- Carl Froch v George Groves II
One for the 'I was there' collection
To think some had suggested that boxing was a dying sport in the UK.
As 80,000 fanatical fans invaded the iconic Wembley Stadium for an event that was as thrilling as it was bemusing, as compelling as it was confusingly captivating, boxing confirmed once and for all that it holds a unique place in the hearts of the British sporting public.
While defending world champion Carl Froch has proved time and again that he deserves his status as one of the finest in his weight division, many outside of the UK would struggle to pick challenger George Groves out of an identity parade. Yet for those who had paid up to £1,500 to be here on the big night, such reality mattered little.
Froch stops Groves with thunderous knockout
- Carl Froch gave a champion's performance to knock George Groves out in the eighth round of their highly anticipated world title rematch at Wembley Stadium.
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Few here at Wembley would argue that the combatants Froch and Groves are the greatest or even the most popular fighters to have hailed from these shores, but the presence of this monstrous crowd at a venue that only opens its doors to this sport for special events confirmed that they will forever be a part of an occasion that has the 'I was there' tag attached for those present.
The noise echoing around a sell-out stadium confirmed that this was the match-up that got the boxing juices flowing for the British public once more. Wembley was the only venue fit to hold a showdown that was so brilliantly promoted and expertly stage-managed by promoters who whipped the viewing millions into a frenzy.
This had become the event of the London sporting summer and as the clock ticked over to 9.49pm you could sense that something special was about to unfold. This was a crowd here to enjoy itself, determined to be part of a show that was eagerly anticipated ever since the thrilling first meeting between the duo was stopped in controversial circumstances, in Froch's favour, last November.
While local boy Groves clearly had the majority of the crowd on his side, Froch had his army of supporters down from Nottingham to back their man.
The challenger's ring walk as theatrical as you might expect in a fight of this magnitude. His first appearance in front of the Wembley crowd came atop a red London bus, with fireworks and flames following him to the ring and heightening the electricity rippling around this rocking arena.
Froch's entrance was much more low key, some would say more business-like. He chose just to walk to the ring accompanied by booming music from Queen, with his attitude clearly suggesting he was here to do a job and not take part in a pantomime.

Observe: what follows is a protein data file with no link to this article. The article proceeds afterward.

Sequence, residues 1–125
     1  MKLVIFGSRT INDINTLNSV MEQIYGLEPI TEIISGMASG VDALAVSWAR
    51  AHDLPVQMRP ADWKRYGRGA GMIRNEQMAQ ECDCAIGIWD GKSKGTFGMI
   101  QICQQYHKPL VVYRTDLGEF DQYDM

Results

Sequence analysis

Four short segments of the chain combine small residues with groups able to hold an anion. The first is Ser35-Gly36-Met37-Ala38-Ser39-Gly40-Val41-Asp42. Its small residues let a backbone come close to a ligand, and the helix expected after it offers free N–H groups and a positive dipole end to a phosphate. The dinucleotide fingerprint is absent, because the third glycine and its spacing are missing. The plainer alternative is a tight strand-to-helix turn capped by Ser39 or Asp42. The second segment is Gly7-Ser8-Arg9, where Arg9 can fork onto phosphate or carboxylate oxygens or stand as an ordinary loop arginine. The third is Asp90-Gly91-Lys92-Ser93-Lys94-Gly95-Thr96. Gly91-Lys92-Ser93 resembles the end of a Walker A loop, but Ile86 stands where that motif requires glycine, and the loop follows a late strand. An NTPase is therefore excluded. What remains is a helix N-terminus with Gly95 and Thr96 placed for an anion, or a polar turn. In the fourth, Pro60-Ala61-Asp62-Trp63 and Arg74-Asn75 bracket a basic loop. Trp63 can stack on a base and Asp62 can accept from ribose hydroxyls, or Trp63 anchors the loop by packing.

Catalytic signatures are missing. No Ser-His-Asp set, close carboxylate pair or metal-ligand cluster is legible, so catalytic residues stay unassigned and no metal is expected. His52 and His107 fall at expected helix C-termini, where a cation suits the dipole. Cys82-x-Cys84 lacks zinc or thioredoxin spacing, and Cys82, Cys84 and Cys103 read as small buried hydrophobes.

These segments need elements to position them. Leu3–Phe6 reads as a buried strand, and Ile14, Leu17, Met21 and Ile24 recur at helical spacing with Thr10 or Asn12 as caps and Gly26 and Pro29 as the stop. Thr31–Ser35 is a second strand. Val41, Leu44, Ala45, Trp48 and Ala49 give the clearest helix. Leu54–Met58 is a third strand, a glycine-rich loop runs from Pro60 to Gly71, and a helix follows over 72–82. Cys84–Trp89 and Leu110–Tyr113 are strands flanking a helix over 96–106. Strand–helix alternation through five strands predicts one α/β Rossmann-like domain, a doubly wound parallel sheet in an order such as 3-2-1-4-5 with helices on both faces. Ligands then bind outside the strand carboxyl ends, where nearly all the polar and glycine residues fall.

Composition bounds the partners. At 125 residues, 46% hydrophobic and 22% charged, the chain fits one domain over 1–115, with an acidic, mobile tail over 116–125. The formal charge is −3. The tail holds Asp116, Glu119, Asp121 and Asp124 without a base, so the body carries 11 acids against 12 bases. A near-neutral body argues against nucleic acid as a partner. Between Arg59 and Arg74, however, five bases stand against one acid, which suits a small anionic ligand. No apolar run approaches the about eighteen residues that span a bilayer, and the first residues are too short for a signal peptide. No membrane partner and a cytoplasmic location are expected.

The fight for Froch's WBA and IBF world super middleweight title belts felt like it could be in danger of being a sideshow, with those crammed into the Wembley press box visibly as excited as those in the stands. This was an event that had already delivered before a punch was thrown.
The fight itself did not initially live up to the preamble, with Groves afraid to put himself in the firing line and Froch content to snipe at his rival with bursts of shots and an increasingly impressive jab. Yet the defending champion finished the fight in grand manner with an eighth round haymaker punch that would have knocked out any fighter in the world.
There may have been contention over the manner of the stoppage in their first fight, but the referee called off this battle before he started his count, with Groves' legs tangled under him as he struggled to regain his senses on the canvas. This fight was over, no doubt about it.
The glitter cannons fired a final salvo to round off a night that was, until the final fight drama, more memorable for its pomp and ceremony than it was for its sporting centre-piece. Yet the knock-out blow that ended this brief and bitter rivalry once and for all will be remembered for many years to come, and not just by the victim on the end of it.
Some jeered Groves at the end for a performance that suggested the young challenger may have been overawed by the occasion, yet surely that was harsh. Both warriors had whipped the nation into a frenzy for this battle and while one had to accept being the loser, the scrap everyone demanded had delivered a memorable end after eight hard-fought rounds.
So Froch's reign as world champion continues and with such a conclusive victory to his credit, there will be no clamour for a third fight between these two. The Cobra, to use the Nottingham fighter's nickname, may now try and fulfil his dream of fighting in Las Vegas, while his youthful challenger may be forced to accept that his moment in the spotlight is over.
When fight fans come to look back at this night, many are bound to conclude that it was the fight that put boxing back on the British sporting map. Those of us present to witness it can say we were a part of something very special.